With issues of late delivery of vital Christmas purchases being well documented in the media, just how busy did it get over the festive period? Here are the Twelve Spikes of Cyber Christmas:
1. Black Friday (28th November 2014): A year-on-year increase in the number of parcels of 50%
2. A regular Friday in 2014 compared with Black Friday: 68% increase in the number of parcels
3. Amazon on Black Friday – 5.5m items sold at a rate of 64 per second
4. Cyber Monday (Monday 1st December 2014): a year-on-year increase in parcel numbers of 34%
5. A regular Monday in 2014 compared to Cyber Monday: 54% increase
6. Cyber Monday 2014 volumes 31% higher than Black Friday
7. NetDespatch peaked at 1700 parcels per minute (29 per second) on Cyber Monday
8. Manic Monday (8th December 2014): A year-on-year increase of almost 25%
9. A regular Monday in 2014 compared to Manic Monday – Up 38%
10. NetDespatch peaked at 1100 parcels per minute (18.3 per second) on Manic Monday
11. Post-Christmas parcels: (25th Dec – 1st Jan) Year-on-year increase of almost 31%
12. First return: first Christmas present returned at 1.53am on Christmas Day, according to Collect+
Industry association for e-retail, IMRG, estimated that a total of 200m parcels would be despatched across November and December, with 120m parcels being despatched in December alone.
Becky Clark, CEO of NetDespatch comments, Our findings show that the popularity of online shopping, and therefore demand for quick and seamless parcel delivery, was incredibly high at the end of 2014. If retailers are going to successfully manage the peak volumes of their online sales, and keep the cost of despatch and delivery down, they need to ensure they are communicating to consumers the range of delivery options available. Third party Click & Collect, for example, grew exponentially in popularity in 2014 showing that consumers ARE open to alternative ways of receiving their parcels, when they are made aware of the options. Retailers need to be doing all they can to help educate their customers through awareness.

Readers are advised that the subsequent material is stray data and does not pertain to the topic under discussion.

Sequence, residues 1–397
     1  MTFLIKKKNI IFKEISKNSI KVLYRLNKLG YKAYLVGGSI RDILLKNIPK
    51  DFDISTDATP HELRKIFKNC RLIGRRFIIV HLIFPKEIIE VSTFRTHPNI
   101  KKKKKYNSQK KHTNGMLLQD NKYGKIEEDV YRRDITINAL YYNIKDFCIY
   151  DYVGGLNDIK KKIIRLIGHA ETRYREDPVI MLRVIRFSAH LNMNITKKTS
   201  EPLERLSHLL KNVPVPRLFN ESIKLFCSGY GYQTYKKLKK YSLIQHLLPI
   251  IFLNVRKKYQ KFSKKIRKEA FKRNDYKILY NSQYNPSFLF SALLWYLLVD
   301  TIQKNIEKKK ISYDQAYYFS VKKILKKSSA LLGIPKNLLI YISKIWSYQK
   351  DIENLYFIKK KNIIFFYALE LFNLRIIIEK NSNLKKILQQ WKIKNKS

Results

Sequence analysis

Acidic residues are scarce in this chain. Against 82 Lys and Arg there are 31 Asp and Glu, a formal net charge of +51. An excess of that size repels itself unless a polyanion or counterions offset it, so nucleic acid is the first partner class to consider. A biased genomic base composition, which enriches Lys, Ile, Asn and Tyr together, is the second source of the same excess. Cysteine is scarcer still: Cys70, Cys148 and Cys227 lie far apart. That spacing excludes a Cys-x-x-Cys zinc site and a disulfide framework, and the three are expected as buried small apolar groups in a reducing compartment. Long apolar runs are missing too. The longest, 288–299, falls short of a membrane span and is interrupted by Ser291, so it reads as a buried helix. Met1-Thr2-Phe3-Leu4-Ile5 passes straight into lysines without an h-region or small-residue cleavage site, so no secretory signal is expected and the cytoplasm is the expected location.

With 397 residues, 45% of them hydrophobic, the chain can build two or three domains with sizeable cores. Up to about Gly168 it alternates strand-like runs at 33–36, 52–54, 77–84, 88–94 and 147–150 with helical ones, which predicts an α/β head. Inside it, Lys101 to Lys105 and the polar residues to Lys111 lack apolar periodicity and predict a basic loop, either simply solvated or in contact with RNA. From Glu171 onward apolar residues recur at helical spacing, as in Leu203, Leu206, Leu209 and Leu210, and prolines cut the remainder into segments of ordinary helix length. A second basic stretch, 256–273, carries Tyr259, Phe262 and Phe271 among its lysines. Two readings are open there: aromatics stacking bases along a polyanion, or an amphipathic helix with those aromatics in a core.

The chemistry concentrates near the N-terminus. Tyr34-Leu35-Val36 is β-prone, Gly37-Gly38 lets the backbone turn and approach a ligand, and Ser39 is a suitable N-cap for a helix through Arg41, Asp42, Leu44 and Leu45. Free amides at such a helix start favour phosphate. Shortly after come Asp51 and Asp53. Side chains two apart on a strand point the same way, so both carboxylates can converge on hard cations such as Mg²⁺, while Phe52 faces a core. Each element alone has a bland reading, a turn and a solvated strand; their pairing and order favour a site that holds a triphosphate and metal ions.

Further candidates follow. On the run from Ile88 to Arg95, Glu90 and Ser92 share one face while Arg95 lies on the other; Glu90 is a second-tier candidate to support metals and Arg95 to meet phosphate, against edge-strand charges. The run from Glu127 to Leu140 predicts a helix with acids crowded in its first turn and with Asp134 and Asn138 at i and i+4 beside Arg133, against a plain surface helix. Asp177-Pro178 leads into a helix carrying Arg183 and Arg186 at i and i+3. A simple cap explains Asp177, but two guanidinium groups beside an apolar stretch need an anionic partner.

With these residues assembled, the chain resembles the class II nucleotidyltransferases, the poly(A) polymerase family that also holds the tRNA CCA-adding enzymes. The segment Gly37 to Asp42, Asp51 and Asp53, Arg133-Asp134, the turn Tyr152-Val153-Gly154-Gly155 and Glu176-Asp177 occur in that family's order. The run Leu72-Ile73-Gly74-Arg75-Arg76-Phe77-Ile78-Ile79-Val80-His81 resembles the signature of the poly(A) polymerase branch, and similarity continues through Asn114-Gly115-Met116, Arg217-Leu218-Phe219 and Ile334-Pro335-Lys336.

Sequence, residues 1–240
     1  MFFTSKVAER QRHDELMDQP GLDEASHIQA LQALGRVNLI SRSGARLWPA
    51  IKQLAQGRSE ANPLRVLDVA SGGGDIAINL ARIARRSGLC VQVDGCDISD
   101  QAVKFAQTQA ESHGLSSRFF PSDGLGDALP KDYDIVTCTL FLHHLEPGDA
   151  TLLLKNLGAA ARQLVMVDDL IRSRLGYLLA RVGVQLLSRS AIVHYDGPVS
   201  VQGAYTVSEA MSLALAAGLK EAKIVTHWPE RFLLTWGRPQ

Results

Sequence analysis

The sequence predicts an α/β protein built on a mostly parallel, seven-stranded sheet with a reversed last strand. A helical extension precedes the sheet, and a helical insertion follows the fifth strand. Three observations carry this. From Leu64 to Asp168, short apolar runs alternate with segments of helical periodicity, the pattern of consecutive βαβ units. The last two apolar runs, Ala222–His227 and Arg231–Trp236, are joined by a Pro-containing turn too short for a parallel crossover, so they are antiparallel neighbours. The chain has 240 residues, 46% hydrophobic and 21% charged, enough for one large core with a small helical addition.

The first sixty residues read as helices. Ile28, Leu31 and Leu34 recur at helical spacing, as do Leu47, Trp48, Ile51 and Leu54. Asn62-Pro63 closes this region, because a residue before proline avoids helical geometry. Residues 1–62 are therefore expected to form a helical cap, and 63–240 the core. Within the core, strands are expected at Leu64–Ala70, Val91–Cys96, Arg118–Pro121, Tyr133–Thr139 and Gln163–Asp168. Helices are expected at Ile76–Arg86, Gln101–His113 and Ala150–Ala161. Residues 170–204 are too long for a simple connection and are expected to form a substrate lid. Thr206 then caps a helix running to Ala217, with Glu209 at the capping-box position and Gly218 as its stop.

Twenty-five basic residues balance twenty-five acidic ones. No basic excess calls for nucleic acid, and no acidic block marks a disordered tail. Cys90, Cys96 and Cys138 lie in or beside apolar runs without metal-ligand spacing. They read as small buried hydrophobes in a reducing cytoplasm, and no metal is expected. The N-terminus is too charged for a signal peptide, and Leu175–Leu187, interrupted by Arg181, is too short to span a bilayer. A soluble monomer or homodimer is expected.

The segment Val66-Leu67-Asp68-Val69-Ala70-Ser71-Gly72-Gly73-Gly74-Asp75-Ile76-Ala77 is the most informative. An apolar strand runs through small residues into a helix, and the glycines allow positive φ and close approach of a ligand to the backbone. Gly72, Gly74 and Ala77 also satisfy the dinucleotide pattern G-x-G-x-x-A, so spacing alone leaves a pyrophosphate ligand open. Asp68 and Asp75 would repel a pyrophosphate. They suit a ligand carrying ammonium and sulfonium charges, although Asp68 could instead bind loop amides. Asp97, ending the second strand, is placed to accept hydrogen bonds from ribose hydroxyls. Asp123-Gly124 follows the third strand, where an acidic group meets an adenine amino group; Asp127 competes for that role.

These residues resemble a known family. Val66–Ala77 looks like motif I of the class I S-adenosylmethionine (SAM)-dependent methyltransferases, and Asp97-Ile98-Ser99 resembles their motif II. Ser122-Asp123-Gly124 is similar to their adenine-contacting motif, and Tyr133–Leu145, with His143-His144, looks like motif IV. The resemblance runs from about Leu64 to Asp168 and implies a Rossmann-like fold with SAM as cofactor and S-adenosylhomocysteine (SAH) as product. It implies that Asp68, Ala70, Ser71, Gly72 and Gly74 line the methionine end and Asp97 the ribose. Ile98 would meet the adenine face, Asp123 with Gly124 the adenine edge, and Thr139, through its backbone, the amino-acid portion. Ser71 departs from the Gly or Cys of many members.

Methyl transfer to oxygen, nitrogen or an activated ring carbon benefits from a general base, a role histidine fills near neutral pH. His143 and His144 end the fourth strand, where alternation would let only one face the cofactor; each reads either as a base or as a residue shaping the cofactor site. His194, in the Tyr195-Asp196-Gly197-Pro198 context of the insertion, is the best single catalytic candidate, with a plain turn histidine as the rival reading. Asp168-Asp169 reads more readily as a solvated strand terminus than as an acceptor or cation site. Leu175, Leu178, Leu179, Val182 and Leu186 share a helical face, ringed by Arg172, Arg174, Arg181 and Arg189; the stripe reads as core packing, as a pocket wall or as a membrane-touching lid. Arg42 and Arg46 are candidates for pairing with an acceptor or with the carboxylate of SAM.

The Christmas coverage of delivery issues and company closures shed light on the cost of delivery – both financially and in terms of reputation damage. Using alternative delivery options, such as Click & Collect to a local convenience store means a delivery driver can deliver fifty parcels to a single store, rather than to fifty separate locations. Think about the time and money this could save for everyone involved. Delivery options should be made crystal clear on retail websites but this is just the start of what retailers should be looking at. The popularity of online shopping is unlikely to drop any time soon, but by promoting alternative delivery options retailers have a better chance of a less chaotic Christmas in 2015.